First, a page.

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News

Tech Writer Finds Three Reliable Uses for ChatGPT

By:
S.J. Steinhardt
Published Date:
May 31, 2023

Despite the concerns and pitfalls of the implications of ChatGPT and other generative AI chatbots—most recently, the story of a lawyer who used it for faulty legal research—it can be made to work for you, longtime technology writer and editor Harry McCracken wrote in Fast Company.

Having written about his reservations about the technology, McCracken purchased the $20-per-month ChatGPT Plus service, which includes access to the latest GPT-4 version, support for plug-ins, and integration with Bing search. He found three successful uses for it.

The first was household hints. Dropping his electric toothbrush’s AAA battery down the bathroom sink drain, he searched Google for advice on what to do. Its results led him to plumbing-company websites. ChatGPT told him to retrieve the battery with a telescoping tool with a magnet on the end. He got one at Home Depot, “and it worked like a charm,” he wrote.

The second was tech tutoring. Trying to figure out Cascading Style Sheets (CSS), an element of web presentation, he found “vast quantities of online resources that can help figure out code, but they tend to provide more possible solutions than I need.” ChatGPT, by contrast, provided “a snippet of code tailored precisely to my scenario; all I had to do was cut and paste.”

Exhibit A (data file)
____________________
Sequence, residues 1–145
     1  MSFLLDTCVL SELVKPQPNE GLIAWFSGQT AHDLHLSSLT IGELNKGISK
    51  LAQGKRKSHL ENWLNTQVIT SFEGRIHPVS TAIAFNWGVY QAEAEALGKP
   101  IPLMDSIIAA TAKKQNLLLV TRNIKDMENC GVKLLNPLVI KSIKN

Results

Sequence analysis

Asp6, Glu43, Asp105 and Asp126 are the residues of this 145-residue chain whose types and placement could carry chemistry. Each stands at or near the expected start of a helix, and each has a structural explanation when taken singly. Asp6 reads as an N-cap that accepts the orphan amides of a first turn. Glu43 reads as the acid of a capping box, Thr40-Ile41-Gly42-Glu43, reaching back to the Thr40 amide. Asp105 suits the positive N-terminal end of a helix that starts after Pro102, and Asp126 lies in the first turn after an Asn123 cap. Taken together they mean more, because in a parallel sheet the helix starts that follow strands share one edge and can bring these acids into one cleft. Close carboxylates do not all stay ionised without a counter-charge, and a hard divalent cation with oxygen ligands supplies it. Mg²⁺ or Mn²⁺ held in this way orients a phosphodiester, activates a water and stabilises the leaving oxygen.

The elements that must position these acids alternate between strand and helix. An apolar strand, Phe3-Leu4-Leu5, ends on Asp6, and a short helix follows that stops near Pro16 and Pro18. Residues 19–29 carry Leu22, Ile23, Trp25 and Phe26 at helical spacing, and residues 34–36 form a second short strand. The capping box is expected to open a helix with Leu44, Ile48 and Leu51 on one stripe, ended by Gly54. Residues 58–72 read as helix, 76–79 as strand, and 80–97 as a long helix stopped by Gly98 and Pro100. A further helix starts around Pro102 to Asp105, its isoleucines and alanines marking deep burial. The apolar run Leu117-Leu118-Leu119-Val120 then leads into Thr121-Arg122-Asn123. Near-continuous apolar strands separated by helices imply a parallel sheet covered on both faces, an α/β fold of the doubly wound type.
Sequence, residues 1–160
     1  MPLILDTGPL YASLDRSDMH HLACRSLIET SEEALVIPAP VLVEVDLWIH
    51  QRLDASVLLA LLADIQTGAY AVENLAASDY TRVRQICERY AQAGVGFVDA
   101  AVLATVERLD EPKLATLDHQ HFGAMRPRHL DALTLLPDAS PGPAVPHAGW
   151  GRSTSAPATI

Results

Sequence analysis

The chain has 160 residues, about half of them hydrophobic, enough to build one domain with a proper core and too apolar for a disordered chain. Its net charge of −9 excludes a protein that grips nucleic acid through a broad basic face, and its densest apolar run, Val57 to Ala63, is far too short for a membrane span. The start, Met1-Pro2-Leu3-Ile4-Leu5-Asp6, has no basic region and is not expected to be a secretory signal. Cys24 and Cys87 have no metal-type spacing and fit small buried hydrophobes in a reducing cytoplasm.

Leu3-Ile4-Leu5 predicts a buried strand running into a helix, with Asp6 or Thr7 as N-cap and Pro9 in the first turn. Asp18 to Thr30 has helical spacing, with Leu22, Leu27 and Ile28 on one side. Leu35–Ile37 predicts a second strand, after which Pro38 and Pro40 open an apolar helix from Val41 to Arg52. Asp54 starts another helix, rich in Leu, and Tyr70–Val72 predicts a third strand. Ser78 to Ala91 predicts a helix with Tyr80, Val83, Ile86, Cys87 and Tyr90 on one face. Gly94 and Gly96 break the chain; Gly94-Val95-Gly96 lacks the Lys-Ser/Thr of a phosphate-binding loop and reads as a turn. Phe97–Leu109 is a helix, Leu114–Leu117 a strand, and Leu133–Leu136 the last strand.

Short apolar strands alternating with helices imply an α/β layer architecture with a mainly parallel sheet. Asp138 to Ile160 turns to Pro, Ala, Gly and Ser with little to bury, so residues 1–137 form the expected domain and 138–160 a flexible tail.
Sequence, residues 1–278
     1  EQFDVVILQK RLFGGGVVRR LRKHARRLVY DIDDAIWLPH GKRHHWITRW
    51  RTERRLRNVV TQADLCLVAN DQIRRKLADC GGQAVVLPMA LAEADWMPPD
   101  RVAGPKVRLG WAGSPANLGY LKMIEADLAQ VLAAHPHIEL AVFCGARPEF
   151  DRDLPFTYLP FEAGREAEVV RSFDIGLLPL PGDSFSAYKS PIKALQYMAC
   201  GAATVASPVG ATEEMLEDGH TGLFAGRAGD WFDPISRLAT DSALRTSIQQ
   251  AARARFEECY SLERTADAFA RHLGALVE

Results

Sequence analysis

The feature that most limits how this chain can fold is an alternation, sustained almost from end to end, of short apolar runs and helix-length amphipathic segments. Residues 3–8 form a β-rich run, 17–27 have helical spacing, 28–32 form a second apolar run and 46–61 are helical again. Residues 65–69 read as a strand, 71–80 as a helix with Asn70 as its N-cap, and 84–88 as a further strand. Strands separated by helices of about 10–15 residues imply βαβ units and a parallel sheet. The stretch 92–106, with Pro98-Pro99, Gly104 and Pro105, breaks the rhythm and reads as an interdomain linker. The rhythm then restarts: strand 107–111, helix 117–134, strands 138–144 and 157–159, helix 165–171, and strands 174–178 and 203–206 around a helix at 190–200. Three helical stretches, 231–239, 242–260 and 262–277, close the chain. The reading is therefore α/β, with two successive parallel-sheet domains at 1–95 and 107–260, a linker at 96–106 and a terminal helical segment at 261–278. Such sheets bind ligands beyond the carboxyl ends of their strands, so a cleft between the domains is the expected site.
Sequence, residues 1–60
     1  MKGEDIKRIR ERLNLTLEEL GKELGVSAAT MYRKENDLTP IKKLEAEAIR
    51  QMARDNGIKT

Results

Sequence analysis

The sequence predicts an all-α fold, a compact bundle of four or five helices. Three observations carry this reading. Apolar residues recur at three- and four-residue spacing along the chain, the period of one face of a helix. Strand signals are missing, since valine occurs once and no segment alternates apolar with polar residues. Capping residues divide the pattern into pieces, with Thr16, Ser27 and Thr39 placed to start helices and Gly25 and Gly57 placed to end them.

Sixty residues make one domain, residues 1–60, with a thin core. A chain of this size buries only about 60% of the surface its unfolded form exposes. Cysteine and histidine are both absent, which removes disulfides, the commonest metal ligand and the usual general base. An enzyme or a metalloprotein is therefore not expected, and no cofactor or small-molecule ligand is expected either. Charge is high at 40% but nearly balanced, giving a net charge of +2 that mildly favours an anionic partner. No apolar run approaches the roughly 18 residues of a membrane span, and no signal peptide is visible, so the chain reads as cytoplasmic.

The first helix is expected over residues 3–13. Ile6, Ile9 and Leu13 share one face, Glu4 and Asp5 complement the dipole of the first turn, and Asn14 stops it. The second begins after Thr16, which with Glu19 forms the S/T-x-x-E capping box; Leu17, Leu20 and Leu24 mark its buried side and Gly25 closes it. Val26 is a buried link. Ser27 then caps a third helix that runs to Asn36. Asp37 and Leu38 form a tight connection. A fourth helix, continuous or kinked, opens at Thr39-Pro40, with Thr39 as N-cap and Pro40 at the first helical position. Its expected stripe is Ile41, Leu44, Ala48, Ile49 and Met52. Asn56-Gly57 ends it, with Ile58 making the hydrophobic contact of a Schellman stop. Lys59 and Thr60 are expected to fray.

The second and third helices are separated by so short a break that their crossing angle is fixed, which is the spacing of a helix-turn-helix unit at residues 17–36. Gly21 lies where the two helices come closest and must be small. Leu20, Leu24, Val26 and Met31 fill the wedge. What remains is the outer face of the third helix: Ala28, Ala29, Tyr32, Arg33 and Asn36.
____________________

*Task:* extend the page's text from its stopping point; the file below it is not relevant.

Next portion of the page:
The third was writing assistance. Knowing that ChatGPT is not factually accurate in many cases, he went to it for a headline idea. Pasting the text into the chatbot and asking for suggestions. He got an idea that he edited to his liking.

He also admitted to having it writing search engine optimization (SEO) summaries (visible only to Google and other web crawlers) for his FastCompany.com articles, and said he is “excited” to use it to summarize transcripts of interviews he conducts, but it can process only about 10 minutes of transcript at a time.

“As a human being who makes a living by writing stuff, I can’t say I’m rooting for AI to get better at it than I am,” McCracken wrote. However, he did ask ChatGPT to craft its own version of this newsletter.

“I’m not too panicky about the prospect of being rendered obsolete—yet,” he concluded. “[B]ut see what you think.”